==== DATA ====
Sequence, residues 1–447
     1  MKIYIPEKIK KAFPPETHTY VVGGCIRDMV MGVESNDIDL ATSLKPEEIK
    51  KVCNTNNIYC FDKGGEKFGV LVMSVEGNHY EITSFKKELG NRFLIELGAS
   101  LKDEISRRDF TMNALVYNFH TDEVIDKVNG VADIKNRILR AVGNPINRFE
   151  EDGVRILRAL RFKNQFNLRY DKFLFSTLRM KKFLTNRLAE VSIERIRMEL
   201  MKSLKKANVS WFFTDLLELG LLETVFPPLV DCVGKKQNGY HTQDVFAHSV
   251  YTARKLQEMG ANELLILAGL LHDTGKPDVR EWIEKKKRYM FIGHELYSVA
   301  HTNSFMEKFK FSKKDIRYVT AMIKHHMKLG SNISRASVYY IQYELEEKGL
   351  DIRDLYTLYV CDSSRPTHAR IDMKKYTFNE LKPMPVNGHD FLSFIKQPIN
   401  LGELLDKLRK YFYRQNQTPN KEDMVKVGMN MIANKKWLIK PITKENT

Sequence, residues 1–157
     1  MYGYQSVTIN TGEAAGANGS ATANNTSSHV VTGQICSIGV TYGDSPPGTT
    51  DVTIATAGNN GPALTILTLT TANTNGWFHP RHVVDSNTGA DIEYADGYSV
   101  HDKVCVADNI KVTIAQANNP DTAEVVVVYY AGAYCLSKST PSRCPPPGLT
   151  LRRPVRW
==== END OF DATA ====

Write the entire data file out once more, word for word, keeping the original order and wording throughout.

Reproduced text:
Sequence, residues 1–447
     1  MKIYIPEKIK KAFPPETHTY VVGGCIRDMV MGVESNDIDL ATSLKPEEIK
    51  KVCNTNNIYC FDKGGEKFGV LVMSVEGNHY EITSFKKELG NRFLIELGAS
   101  LKDEISRRDF TMNALVYNFH TDEVIDKVNG VADIKNRILR AVGNPINRFE
   151  EDGVRILRAL RFKNQFNLRY DKFLFSTLRM KKFLTNRLAE VSIERIRMEL
   201  MKSLKKANVS WFFTDLLELG LLETVFPPLV DCVGKKQNGY HTQDVFAHSV
   251  YTARKLQEMG ANELLILAGL LHDTGKPDVR EWIEKKKRYM FIGHELYSVA
   301  HTNSFMEKFK FSKKDIRYVT AMIKHHMKLG SNISRASVYY IQYELEEKGL
   351  DIRDLYTLYV CDSSRPTHAR IDMKKYTFNE LKPMPVNGHD FLSFIKQPIN
   401  LGELLDKLRK YFYRQNQTPN KEDMVKVGMN MIANKKWLIK PITKENT

Sequence, residues 1–157
     1  MYGYQSVTIN TGEAAGANGS ATANNTSSHV VTGQICSIGV TYGDSPPGTT
    51  DVTIATAGNN GPALTILTLT TANTNGWFHP RHVVDSNTGA DIEYADGYSV
   101  HDKVCVADNI KVTIAQANNP DTAEVVVVYY AGAYCLSKST PSRCPPPGLT
   151  LRRPVRW